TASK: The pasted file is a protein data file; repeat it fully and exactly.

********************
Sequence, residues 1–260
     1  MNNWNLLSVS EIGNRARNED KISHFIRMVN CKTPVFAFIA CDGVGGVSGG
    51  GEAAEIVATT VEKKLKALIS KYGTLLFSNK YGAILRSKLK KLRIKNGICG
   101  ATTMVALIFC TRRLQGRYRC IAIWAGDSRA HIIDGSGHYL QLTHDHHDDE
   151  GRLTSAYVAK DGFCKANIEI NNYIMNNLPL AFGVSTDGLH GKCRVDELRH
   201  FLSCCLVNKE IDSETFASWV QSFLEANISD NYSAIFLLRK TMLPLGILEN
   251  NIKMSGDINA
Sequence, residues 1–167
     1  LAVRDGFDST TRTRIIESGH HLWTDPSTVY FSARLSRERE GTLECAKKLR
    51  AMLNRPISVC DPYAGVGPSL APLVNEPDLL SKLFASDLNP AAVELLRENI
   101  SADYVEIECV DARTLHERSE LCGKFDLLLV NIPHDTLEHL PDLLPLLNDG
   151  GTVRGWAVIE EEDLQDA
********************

Sequence, residues 1–260
     1  MNNWNLLSVS EIGNRARNED KISHFIRMVN CKTPVFAFIA CDGVGGVSGG
    51  GEAAEIVATT VEKKLKALIS KYGTLLFSNK YGAILRSKLK KLRIKNGICG
   101  ATTMVALIFC TRRLQGRYRC IAIWAGDSRA HIIDGSGHYL QLTHDHHDDE
   151  GRLTSAYVAK DGFCKANIEI NNYIMNNLPL AFGVSTDGLH GKCRVDELRH
   201  FLSCCLVNKE IDSETFASWV QSFLEANISD NYSAIFLLRK TMLPLGILEN
   251  NIKMSGDINA
Sequence, residues 1–167
     1  LAVRDGFDST TRTRIIESGH HLWTDPSTVY FSARLSRERE GTLECAKKLR
    51  AMLNRPISVC DPYAGVGPSL APLVNEPDLL SKLFASDLNP AAVELLRENI
   101  SADYVEIECV DARTLHERSE LCGKFDLLLV NIPHDTLEHL PDLLPLLNDG
   151  GTVRGWAVIE EEDLQDA